The first German governor of Rwanda, Count von Goetzen, theorized “the Tutsi are Hamitic pastoralists from Ethiopia, who have subjugated a tribe of Negro Bantus,” while Catholic prelate Monsignor Le Roy put it differently: “Their intelligent and delicate appearance, their love of money, their capacity to adapt to any situation seem to indicate a Semitic origin.” Armed with rulers and measuring tape, craniometric Belgian administrators went about rigidifying with physical measurements the previously more fluid boundaries between Tutsi and Hutu identities. These colonial fantasies soon became engraved on the consciousness of the colonized, as well. The Tutsi elite, long favored under the Belgians, seized on the myths to justify their continued superiority, imbibing the stereotypes of Hutu—as espoused by a Belgian priest—as “the most common type of black, brachycephalic and prognathous, with agronomic taste and aptitudes, sociable and jovial … with thick lips and squashed noses, but so good, so simple, so loyal.” Hutu dissidents, in the meantime, appropriated the stereotypes of Tutsi as a race of crafty herders from Ethiopia to rally support against “the foreigners.”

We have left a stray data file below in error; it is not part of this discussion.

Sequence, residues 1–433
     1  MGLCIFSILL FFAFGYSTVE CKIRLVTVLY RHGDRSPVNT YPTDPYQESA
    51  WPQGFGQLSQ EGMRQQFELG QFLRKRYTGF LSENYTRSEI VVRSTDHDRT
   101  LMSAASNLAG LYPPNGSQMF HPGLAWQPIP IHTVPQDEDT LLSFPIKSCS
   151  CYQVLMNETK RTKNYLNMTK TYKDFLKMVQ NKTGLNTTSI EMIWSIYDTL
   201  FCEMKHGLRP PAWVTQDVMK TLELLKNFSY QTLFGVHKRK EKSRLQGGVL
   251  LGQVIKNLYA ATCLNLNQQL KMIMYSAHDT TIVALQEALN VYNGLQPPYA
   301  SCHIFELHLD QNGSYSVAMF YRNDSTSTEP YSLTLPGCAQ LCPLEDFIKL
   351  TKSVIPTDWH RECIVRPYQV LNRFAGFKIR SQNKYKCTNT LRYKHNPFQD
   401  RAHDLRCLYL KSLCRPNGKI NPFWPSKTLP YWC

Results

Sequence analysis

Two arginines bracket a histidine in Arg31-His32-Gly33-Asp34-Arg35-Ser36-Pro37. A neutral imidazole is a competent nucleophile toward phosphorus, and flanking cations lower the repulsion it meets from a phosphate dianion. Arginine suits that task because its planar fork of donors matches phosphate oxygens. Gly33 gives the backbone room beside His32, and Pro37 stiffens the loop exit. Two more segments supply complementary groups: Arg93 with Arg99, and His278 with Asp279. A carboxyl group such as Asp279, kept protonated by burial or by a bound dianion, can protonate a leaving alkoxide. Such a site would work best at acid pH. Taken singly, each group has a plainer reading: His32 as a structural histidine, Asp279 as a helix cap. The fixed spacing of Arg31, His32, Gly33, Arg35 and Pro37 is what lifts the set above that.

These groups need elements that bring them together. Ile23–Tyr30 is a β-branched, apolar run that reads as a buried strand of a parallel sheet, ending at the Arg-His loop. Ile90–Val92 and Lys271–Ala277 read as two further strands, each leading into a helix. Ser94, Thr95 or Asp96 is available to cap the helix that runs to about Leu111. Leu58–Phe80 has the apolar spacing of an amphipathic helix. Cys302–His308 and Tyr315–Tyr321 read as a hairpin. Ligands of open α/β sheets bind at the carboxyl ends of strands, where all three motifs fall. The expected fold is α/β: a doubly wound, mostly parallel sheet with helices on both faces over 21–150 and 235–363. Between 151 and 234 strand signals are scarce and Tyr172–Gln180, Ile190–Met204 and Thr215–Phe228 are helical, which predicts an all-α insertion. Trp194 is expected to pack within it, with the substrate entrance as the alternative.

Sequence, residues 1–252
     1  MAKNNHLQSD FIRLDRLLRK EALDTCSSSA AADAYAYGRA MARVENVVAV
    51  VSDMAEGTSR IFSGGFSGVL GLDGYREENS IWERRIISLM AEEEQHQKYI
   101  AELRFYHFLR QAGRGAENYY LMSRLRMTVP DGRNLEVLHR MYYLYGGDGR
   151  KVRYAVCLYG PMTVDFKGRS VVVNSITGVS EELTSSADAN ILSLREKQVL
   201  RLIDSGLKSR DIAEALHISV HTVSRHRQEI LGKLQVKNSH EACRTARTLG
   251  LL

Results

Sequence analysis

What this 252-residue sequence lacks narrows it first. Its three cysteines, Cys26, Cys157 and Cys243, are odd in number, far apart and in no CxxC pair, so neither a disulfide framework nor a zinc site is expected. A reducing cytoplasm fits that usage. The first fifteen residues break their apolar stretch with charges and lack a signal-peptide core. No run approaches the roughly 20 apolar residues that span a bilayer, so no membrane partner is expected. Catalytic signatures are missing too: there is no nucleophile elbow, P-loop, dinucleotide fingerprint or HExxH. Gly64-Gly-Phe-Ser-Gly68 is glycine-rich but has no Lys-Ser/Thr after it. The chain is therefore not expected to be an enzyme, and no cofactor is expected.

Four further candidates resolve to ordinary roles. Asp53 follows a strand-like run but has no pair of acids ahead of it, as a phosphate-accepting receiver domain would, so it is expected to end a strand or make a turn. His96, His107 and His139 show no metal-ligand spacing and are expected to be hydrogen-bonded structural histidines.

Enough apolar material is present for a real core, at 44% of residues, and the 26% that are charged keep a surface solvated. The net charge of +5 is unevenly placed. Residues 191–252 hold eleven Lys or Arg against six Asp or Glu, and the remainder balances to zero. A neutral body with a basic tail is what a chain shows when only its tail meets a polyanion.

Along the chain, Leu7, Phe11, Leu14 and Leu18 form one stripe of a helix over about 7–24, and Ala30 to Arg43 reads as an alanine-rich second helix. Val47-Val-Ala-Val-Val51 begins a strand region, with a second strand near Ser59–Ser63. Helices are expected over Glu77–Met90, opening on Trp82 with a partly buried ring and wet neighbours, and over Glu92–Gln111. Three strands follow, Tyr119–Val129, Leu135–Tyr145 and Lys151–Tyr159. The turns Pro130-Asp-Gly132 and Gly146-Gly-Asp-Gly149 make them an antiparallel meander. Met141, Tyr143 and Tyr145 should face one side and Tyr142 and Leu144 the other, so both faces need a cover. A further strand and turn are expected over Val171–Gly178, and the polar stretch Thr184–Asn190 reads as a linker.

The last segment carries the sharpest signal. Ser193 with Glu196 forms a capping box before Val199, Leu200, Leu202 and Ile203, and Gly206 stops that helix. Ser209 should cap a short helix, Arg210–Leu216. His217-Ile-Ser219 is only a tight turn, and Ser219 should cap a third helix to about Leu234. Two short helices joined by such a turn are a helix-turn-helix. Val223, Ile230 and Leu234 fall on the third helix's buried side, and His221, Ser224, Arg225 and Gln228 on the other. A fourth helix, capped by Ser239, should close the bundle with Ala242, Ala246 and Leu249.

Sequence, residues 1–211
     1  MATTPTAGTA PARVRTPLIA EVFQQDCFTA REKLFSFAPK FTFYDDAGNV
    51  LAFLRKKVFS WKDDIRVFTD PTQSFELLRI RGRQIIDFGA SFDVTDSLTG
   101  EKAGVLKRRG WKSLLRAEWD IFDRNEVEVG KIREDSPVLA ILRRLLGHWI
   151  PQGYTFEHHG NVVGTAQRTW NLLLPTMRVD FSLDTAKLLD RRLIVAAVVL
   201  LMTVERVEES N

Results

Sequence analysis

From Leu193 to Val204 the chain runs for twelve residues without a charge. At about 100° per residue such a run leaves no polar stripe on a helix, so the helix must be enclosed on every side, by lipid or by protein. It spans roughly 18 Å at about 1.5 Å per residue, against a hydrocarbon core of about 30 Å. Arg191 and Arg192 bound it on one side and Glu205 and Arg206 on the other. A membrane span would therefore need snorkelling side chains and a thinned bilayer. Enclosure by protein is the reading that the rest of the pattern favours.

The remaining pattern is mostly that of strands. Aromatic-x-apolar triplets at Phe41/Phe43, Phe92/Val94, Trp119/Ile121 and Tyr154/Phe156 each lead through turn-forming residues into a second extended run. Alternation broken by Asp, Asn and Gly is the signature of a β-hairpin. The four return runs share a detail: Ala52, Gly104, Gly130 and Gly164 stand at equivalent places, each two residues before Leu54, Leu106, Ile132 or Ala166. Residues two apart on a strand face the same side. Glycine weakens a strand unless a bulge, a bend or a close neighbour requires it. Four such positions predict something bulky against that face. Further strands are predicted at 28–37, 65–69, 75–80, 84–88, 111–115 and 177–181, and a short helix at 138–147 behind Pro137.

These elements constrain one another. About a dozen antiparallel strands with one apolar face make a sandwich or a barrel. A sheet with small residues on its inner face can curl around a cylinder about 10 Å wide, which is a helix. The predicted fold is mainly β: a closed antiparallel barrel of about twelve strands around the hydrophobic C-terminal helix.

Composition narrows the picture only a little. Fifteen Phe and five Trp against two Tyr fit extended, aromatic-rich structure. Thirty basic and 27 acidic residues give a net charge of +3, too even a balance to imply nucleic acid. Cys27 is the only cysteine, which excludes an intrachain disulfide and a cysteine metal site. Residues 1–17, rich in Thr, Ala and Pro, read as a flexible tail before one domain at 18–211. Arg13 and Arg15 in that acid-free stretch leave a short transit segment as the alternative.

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Filed under Belgium, economics, Germany, nationalism, Rwanda